Thursday, May 16, 2013

The Artist's Daughter

I've not read many memoirs but recently I got the The Artist's Daughter as a part of a blog tour promotion and I thought I'd give it a try. It's also the theme book for the next MOPS year theme so I knew I'd be reading it anyway.


Alexandra Kukenydall is on staff with MOPS International and I've heard her speak on the MOPS curriculum. At the MOPS convention last year I went to a breakout that she did on raising girls. That was all I knew about her before reading the book.

Her story instantly captured my attention as she described the first time she met her father in Barcelona at the age of 8. I thought of my own daughter, now at that same age and how much she loves her daddy and couldn't imagine her not knowing her own father. Through the book she struggles with the absence of her father and how it shaped the woman and mother she became.

One part that stood out to me was when she was a new mom and listening to a speaker at her MOPS group talk about childhood development. The speaker said that girls who don't have a father figure in their life likely go down two paths, promiscuous and seeking love or driven and trying to earn love by perfection. She identified with the latter of the two.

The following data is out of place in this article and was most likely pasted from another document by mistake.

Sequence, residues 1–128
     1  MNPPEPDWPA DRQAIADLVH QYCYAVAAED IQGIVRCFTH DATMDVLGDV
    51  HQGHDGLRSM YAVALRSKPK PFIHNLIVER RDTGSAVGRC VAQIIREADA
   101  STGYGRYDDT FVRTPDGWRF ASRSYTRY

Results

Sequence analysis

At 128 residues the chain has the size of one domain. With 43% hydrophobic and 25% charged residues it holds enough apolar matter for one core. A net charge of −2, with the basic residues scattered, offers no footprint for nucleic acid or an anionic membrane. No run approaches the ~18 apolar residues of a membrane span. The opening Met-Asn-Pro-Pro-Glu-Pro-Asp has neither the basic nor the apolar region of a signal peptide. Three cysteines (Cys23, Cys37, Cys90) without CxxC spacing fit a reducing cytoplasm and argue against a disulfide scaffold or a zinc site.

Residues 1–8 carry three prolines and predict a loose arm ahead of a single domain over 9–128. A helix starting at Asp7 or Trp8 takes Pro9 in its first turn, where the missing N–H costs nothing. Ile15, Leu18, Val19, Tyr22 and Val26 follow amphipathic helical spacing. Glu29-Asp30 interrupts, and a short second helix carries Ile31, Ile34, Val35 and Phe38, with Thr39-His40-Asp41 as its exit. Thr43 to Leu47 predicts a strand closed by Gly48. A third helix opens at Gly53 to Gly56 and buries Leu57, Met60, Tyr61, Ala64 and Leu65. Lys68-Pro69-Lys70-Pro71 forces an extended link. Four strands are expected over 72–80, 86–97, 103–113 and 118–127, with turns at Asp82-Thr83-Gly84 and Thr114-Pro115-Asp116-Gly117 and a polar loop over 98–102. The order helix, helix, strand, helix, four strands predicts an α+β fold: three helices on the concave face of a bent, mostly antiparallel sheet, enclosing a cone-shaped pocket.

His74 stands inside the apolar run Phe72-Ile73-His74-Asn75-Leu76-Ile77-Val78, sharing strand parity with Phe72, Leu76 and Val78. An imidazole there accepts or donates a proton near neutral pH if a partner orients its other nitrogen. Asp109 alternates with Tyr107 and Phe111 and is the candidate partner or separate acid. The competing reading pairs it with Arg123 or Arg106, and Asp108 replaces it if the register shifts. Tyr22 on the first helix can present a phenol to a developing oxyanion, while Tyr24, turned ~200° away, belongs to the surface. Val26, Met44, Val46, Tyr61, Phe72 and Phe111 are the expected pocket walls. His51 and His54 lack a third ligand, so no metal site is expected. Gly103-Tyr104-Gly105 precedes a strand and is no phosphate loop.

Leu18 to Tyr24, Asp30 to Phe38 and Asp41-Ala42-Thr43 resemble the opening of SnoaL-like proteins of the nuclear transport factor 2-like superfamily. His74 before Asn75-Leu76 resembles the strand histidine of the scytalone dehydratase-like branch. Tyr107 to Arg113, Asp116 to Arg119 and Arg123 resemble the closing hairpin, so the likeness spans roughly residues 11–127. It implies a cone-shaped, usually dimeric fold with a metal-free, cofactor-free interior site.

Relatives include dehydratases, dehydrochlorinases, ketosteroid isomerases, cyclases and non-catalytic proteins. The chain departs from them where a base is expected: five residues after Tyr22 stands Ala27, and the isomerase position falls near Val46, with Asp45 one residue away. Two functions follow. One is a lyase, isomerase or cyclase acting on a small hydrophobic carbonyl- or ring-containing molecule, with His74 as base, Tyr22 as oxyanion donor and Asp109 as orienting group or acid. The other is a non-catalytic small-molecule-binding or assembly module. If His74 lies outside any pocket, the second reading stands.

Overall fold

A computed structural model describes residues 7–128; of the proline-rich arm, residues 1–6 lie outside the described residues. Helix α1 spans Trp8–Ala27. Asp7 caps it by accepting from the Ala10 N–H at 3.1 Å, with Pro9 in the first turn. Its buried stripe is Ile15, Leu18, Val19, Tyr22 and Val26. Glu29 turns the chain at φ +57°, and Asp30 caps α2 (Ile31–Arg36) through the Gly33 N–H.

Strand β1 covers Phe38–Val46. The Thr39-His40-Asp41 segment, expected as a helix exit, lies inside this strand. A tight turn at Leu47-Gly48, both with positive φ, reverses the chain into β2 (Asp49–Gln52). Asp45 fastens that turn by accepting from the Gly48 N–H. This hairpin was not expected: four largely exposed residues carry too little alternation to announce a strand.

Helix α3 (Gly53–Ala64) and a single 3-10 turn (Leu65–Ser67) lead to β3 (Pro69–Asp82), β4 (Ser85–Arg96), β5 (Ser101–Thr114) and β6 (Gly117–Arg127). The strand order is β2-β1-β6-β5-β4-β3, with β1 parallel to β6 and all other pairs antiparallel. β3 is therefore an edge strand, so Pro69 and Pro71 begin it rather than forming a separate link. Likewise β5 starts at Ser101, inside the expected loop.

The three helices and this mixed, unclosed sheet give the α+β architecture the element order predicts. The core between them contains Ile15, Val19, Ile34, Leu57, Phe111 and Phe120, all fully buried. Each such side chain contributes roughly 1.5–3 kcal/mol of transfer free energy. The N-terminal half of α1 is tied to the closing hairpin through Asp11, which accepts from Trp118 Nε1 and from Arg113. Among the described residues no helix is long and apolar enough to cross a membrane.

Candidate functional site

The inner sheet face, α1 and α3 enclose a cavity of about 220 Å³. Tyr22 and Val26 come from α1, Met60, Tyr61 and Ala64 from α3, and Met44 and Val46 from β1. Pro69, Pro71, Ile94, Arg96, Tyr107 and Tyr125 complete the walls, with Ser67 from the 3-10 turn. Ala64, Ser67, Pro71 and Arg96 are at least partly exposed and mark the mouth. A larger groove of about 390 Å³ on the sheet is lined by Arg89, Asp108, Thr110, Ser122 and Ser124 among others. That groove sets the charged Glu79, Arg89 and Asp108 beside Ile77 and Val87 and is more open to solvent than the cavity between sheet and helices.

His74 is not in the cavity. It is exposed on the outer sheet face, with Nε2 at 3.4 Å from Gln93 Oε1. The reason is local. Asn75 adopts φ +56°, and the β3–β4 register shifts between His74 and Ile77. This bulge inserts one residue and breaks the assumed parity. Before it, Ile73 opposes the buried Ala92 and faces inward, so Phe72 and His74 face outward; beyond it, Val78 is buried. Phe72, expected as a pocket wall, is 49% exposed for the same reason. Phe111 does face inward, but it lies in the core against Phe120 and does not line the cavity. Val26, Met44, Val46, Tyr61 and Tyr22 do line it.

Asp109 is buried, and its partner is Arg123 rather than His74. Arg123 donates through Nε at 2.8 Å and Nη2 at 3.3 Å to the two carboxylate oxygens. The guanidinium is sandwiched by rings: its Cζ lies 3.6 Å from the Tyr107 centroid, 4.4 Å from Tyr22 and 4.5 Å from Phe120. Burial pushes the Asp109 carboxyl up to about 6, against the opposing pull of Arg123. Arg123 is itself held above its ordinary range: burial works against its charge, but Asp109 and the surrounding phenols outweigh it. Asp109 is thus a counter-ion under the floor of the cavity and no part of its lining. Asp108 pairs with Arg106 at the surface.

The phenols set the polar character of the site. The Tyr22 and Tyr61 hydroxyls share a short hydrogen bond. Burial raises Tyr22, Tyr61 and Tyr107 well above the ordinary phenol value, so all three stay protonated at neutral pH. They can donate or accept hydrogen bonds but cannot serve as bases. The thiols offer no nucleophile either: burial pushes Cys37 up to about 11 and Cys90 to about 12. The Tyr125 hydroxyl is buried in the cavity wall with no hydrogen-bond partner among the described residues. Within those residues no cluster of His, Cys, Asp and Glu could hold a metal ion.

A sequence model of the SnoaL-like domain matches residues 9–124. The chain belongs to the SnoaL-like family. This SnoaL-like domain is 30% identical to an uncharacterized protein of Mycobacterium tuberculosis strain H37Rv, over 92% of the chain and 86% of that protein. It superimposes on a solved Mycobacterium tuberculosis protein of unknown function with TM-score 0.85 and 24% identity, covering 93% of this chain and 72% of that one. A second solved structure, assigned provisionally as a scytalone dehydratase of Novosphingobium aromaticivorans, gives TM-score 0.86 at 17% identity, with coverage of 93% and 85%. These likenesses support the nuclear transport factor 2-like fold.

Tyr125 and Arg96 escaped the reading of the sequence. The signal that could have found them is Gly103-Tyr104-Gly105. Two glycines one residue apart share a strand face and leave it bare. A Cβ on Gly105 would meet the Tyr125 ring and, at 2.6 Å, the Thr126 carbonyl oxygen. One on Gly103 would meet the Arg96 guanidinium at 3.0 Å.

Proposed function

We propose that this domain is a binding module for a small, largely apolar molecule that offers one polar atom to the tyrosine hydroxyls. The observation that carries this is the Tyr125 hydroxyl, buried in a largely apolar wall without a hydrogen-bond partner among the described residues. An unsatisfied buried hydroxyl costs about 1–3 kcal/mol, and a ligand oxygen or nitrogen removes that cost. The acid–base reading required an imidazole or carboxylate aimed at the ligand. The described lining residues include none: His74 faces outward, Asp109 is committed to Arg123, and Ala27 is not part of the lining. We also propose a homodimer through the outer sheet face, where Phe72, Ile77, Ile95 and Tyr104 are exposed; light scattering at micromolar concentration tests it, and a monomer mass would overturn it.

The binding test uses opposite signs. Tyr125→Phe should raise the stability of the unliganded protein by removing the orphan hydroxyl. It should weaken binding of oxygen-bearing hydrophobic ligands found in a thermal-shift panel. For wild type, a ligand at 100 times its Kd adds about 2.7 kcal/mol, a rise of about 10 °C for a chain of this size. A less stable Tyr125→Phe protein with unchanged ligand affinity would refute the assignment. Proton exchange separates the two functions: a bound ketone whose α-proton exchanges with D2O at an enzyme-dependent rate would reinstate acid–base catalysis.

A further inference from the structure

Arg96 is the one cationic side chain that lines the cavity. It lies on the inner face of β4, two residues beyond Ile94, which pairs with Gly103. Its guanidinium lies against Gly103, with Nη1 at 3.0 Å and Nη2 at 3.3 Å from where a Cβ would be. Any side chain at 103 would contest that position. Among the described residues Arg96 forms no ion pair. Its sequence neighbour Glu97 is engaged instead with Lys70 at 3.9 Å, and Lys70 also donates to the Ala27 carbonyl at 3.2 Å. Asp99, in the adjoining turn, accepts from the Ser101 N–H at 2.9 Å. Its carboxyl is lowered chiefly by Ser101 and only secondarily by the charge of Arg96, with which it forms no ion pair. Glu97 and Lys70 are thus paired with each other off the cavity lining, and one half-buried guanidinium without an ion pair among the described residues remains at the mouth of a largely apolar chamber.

The book was filled with stories that exemplified how God was making her life into a beautiful story of his redemptive love. Even though her earthly father was mostly absent from her life, she grew to know her heavenly father. She deals with baggage along the way and finds that God has healed her wounds and yet used them to mold her.

There were parts where I was brought to tears as she recounted tragedies that happened around her and how she wrestled with God's sovereignty and plan. There were honest accounts about struggles in their marriage even though they both loved God and each other, and she shared her experience with post postpartum depression. She originally had finished the book right before her 4th daughter was born, but then had to go back and add another section as events in the 10 days after her birth brought closure to the story.

I'm already reading a fiction novel and I enjoy how an author weaves a story together. In this book I was able to see how God is writing true stories with our lives. She ascribes the beauty in her life to the Heavenly Artist and desires to be a willing canvas for his work. I enjoyed this book and it's encouraging me to live my life for Him and see my messes as an opportunity for him to make a masterpiece.

(I received this book for free in exchange for my honest review. It is available May 2013 at your favorite bookseller from Revell, a division of Baker Publishing Group.)

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